The Doomsday Kingdom - The Doomsday Kingdom album review

Candlemass mainman replants his roots

Cover art for The Doomsday Kingdom - The Doomsday Kingdom album

You can trust Louder Our experienced team has worked for some of the biggest brands in music. From testing headphones to reviewing albums, our experts aim to create reviews you can trust. Find out more about how we review.

Leif Edling doesn’t even know how to spell the words ‘writer’s block’, so Candlemass’s uncertain future as a recording entity has nothing to do with any lack of material but more an overall fatigue of having carried the weight of such a legendary name, with all the expectations that come with it. Hence his regular use of side roads. But Avatarium aside, whose more progressive and classic rock leanings put them in a category on their own, The Doomsday Kingdom is a direct continuation of what Leif initially tried to achieve with Krux before their increasingly difficult logistics prevented them from carrying on. On closer inspection, TDK may also have some links with his one-off 2008 solo project, especially since they both started as a one-man army before slowly turning into an actual band. But in the end, this debut album actually feels like a means for Leif to finally indulge his love of classic heavy metal.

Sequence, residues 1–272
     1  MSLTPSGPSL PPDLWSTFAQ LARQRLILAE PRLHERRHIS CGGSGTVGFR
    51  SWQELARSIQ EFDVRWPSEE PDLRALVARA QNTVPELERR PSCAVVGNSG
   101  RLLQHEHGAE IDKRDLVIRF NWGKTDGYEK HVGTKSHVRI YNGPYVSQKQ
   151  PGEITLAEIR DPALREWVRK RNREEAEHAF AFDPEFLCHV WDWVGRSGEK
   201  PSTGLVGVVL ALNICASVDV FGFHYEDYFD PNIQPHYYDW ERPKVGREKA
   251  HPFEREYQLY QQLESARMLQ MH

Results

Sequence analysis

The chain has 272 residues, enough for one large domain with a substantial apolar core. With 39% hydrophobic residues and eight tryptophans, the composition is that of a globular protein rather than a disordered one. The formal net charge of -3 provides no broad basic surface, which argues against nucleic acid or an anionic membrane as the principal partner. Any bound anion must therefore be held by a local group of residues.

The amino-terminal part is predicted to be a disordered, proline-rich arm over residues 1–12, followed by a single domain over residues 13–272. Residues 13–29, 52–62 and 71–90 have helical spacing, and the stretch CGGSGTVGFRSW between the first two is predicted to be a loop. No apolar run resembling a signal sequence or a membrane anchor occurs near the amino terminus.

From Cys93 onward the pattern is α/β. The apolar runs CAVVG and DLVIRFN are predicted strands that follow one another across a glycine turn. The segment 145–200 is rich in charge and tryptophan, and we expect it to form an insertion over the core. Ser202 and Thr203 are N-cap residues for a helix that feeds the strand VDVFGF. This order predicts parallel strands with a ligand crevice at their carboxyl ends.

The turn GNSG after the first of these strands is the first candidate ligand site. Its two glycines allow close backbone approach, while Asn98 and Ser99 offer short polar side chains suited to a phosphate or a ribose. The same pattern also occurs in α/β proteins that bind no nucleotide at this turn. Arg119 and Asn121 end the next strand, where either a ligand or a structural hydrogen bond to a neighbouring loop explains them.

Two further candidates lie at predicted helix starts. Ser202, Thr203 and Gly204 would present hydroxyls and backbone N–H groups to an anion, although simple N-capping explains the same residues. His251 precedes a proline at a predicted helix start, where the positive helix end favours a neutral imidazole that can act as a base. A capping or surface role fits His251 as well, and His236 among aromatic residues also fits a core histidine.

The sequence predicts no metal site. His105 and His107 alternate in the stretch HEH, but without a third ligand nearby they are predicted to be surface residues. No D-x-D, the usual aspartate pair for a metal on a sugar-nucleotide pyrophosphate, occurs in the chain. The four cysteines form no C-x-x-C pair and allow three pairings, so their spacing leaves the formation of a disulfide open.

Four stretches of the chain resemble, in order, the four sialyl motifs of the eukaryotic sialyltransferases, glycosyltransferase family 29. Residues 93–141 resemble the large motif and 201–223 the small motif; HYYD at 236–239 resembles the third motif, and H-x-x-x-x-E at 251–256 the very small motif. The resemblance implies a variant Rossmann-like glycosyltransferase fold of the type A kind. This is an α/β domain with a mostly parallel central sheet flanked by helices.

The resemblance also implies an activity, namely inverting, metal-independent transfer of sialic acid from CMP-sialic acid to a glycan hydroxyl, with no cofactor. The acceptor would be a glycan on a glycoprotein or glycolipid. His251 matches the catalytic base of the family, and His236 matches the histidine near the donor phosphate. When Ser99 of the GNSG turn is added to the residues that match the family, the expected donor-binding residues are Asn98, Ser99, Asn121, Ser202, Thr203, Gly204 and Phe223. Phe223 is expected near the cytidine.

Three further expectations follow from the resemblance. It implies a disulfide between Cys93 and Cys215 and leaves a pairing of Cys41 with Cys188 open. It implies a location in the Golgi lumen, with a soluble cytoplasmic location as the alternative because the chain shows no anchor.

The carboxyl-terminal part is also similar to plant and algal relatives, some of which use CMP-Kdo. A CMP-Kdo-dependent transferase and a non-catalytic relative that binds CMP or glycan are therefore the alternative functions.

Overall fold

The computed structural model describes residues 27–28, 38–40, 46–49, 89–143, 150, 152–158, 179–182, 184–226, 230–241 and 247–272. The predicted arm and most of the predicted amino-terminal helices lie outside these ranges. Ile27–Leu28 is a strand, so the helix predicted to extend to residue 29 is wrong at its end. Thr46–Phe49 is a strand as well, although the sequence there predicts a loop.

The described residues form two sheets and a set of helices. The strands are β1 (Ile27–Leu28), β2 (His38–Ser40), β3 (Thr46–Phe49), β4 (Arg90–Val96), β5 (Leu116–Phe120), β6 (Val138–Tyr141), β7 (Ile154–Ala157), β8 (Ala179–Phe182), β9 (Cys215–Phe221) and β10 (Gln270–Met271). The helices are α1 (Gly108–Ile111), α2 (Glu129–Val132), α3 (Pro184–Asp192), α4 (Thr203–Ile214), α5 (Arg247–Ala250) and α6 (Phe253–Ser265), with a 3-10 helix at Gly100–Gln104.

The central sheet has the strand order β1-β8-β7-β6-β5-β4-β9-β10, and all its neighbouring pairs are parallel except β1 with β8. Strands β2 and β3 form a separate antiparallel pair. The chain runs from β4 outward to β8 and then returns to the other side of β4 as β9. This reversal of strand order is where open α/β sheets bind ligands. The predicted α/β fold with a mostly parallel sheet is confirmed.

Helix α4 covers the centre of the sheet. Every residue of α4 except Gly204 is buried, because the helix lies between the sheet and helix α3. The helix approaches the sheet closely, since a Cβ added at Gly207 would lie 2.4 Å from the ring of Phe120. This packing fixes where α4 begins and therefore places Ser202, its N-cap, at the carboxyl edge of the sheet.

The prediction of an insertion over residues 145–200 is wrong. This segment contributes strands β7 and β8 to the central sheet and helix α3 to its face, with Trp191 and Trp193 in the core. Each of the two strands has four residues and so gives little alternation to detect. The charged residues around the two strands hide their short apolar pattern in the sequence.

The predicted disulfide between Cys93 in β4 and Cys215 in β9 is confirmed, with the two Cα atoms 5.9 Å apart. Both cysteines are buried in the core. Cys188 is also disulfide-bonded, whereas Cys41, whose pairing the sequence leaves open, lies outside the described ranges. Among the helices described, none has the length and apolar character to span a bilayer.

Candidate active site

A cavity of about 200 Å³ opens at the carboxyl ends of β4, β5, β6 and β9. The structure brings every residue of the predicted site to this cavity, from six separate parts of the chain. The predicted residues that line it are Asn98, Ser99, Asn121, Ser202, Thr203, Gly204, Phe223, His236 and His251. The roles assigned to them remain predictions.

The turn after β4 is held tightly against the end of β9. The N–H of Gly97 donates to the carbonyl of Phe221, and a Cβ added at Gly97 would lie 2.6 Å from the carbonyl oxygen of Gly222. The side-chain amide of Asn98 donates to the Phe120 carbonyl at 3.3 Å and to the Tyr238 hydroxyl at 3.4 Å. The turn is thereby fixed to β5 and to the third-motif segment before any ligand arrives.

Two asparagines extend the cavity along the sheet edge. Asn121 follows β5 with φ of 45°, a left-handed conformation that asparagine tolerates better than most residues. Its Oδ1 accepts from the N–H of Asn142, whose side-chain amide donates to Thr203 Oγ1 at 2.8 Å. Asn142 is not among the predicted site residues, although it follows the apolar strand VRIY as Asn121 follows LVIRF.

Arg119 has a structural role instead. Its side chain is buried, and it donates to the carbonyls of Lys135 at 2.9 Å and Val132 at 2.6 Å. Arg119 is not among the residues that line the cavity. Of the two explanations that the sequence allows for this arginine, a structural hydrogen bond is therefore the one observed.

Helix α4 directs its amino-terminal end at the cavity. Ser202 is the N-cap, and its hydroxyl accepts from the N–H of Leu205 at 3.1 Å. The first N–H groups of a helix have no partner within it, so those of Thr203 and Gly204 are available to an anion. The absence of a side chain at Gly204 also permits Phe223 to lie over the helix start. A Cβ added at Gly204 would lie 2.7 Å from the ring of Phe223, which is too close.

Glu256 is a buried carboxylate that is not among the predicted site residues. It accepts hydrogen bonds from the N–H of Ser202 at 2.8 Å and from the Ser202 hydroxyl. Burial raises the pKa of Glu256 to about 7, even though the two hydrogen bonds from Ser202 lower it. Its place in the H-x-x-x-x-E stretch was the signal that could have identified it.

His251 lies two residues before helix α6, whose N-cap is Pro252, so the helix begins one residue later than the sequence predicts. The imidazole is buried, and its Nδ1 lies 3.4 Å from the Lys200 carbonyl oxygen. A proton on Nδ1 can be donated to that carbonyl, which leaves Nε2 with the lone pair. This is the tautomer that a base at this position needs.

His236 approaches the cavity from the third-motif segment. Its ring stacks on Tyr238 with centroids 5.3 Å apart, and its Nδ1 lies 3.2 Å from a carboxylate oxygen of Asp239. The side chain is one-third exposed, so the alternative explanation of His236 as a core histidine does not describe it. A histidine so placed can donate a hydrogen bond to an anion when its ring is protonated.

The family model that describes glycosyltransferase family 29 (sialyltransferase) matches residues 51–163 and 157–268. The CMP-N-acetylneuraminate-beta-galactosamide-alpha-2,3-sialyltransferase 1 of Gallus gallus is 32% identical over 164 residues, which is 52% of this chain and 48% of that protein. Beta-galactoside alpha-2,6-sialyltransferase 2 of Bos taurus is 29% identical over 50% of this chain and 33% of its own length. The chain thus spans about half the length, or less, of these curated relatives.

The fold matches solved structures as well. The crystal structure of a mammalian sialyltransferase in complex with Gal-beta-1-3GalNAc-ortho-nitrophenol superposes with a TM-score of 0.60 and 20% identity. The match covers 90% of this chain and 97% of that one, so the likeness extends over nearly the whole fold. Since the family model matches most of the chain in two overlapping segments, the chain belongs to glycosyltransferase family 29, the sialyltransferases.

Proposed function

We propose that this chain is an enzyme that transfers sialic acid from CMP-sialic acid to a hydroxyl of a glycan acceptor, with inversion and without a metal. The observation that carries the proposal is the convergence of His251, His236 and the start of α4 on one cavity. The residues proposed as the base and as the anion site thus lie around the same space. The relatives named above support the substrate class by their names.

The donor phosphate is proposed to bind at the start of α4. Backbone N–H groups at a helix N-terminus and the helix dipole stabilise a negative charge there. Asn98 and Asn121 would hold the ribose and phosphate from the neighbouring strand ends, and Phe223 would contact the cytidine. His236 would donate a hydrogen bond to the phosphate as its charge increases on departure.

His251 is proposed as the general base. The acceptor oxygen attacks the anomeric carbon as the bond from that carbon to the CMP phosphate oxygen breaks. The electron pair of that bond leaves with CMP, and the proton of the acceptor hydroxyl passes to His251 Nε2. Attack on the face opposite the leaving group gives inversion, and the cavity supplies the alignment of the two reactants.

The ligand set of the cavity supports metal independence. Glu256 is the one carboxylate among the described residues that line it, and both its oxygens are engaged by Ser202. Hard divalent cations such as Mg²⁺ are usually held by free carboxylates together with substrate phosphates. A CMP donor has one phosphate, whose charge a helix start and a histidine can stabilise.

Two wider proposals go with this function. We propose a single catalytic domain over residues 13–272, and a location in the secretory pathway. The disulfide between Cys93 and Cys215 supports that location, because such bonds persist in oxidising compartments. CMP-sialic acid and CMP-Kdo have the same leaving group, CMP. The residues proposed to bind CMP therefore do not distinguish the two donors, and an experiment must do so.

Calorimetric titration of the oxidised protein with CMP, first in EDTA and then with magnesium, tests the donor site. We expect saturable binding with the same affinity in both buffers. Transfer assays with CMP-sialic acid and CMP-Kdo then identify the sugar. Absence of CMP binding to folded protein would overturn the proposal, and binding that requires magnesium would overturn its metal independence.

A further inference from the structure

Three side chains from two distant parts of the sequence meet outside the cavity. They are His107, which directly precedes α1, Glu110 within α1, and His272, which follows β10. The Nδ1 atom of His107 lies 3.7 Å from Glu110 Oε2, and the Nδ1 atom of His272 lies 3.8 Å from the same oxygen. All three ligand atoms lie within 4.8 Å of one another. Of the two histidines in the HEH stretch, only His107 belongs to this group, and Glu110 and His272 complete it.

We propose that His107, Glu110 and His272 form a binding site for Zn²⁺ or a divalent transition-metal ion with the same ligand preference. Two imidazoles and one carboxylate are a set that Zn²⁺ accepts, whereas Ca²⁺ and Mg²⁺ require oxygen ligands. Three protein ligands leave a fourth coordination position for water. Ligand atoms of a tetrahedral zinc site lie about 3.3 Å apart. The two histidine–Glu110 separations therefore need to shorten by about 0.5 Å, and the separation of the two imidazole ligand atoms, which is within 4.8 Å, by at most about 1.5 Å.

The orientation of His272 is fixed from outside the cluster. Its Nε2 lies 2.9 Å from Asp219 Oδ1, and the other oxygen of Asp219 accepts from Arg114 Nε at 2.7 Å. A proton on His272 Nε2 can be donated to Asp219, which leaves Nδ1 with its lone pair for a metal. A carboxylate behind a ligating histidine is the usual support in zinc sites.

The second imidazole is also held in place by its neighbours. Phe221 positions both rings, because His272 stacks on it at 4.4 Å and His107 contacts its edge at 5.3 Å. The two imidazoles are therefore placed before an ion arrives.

The choice of Niklas Stålvind from Wolf as a frontman is quite revealing. His menacing, high-pitched shrieks on the more straightforward material such as the opening salvo, Silent Kingdom, and Hand Of Hell are pure Judas Priest-worship, and there are more than a few nods to Dio, Mob Rules-era Sabbath and Accept on the record. But as it is often the case with over-prolific musicians, and Leif in particular, who has an instantly recognisable style of riffing, there’s also a strong sense of familiarity as the album’s overall menacing and still doom-tainted stance occasionally bears too much resemblance to Candlemass for its own good. In its few less amped moments, such as on the beautiful and mournful instrumental, See You Tomorrow, or on the epic The Sceptre with its Moog solo, a more melancholic and dreamy composer seems desperate to take the reins yet doesn’t quite make the plunge. But isn’t Leif, as he nicknamed himself initially for this project, ‘The Doomfather’ after all? So ironically, The Doomsday Kingdom will probably please Candlemass fans first and foremost, but as great as it is, we know Leif Edling can offer even more.